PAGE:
Fist, I must implore you not to build this system from scratch. It is a much more complex project than it seems. Please consider using an open source eCommerce platform, order management system, and product catalog. Check out the Apache Open for Business Project. There are many others - most want you to pay them consulting fees.
Many order management software packages often model this using the concepts of supply and demand. You have some high level entities, such as Product (for example, FancyBrand Men's V-neck undershirts), Item (for example, FancyBrand Men's undershirt in size Medium and color white), Supplier (the company who sells the item to the retailer), Vendor (the company who actually makes the item, who is not necessarily the same as the Supplier). A Retailer could buy Product Foo, which is produced by Vendor Fooz, from Supplier Bar today and then from Supplier Baz tomorrow. Or Foo could by supplied by both Bar and Baz at the same time (hint: don't use 1 column for the Supplier-Product relationship).
When Supplier Bar sends/allocates N more Foo Items to the Retailer, Retailer should increase its Supply of Item Foo by N. You can also attach a "type" to the Supply that you add.
When a Customer begins the process of purchasing M Foo Items, you typically increase the demand against Foo by M. After the transaction is complete (credit card has been validated, fraud check has completed, etc.) Retailer decrements both Supply and Demand by M.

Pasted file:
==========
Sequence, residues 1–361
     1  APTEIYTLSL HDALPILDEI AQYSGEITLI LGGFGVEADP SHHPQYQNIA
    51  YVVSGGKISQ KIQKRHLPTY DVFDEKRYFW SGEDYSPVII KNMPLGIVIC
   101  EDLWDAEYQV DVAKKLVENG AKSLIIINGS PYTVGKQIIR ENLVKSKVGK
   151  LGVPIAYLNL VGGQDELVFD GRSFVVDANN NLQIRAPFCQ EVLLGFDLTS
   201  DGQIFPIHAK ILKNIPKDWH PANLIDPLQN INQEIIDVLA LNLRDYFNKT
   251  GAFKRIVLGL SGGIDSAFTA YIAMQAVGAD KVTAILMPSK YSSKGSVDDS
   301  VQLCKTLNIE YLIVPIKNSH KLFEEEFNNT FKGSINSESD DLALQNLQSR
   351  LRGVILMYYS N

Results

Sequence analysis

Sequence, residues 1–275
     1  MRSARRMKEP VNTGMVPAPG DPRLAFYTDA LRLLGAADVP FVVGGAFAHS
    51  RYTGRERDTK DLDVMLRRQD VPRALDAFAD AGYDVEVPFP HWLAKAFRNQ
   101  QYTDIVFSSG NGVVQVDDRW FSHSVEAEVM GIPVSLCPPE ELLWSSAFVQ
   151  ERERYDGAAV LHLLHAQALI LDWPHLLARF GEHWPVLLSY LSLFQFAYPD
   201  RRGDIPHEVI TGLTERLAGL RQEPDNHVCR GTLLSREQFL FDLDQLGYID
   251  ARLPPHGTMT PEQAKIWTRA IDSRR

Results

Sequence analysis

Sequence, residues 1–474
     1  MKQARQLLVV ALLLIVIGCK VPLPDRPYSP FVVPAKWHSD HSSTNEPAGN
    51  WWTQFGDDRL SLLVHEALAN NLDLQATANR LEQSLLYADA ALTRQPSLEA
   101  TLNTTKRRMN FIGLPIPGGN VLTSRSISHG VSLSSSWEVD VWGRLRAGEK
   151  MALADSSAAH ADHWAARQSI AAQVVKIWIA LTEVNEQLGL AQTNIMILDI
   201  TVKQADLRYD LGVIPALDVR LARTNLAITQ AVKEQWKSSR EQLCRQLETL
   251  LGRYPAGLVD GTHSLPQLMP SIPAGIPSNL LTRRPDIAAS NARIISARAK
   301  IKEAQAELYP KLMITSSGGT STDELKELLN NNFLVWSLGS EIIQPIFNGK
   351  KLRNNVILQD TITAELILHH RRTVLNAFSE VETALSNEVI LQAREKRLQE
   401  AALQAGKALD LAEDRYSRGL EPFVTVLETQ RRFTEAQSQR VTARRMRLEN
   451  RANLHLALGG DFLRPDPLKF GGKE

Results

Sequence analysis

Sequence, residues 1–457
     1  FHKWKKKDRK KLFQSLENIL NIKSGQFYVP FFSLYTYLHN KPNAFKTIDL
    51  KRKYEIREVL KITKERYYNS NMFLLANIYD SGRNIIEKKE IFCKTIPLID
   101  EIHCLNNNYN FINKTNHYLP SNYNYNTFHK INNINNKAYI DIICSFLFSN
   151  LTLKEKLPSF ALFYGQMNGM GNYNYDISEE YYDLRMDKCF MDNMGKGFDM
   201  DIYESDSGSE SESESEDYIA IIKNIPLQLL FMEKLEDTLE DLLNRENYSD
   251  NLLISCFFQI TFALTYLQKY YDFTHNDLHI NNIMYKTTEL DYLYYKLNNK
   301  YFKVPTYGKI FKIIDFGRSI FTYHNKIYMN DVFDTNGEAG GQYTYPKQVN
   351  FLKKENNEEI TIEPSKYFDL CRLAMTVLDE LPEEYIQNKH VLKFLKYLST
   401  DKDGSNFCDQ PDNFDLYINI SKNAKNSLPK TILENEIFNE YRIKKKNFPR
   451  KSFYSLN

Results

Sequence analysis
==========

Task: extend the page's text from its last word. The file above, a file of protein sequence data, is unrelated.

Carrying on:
I would also avoid thinking about the Supplier's inventory level for Foo. The Retailer knows nothing about the Supplier's inventory. The Retailer only knows how many Foo items are in the Retailer's inventory, and of those, how many came from Supplier Bar or Supplier Baz. Even if the Retailer hasn't paid the Supplier for the item, and even if the Supplier never sends the items to the Retailer (maybe because the Supplier ships directly to the customer after the Retailer handles the transaction), if the Retailer can sell those items to its customers, then those items are part of the Retailer's Supply.
There are 2 ways a Supplier might want to be paid: on each transaction, or periodically. If the Supplier wants to be paid every X days for whatever items the Retailer has sold. So you need to be able to answer the question: "How many Foo items from Supplier Baz did I sell in the last X days?" If the Supplier wants to be paid on each transaction, you still need to know which Foo Item in each transaction was sent/allocated from Supplier Baz.
Again - don't build this all by yourself!
But if you insist, I've seen consignment modeled 2 different ways and both worked fine. One way is to model all the consigned inventory as a separate distribution center. For example, if you have 45 physical stores and 5 warehouses, you'd have 50 distribution centers. You can treat all consigned goods as being held in a separate distribution center. This works particularly well if your suppliers don't actually send you the product, and the product is in fact shipped to the consumer from the supplier.
The other way I've seen this done is to use a type attribute on your Supply. Some example types could be "good condition", "slightly damaged", "safety", or in your case, "purchased" vs. "consigned." Therefore you could have rows like the following in your Supply entity:
id sku quantity type
-- ---------- -------- ---------
1 foo-item1 10 consigned
2 foo-item2 5 purchased
3 fooz-item1 20 consigned
Note that the sku must uniquely identify an item and if you have multiple suppliers for that item, then you need to be able to navigate from the sku back to the supplier.
And you can also find a reasonable open source data model for invoices and oders.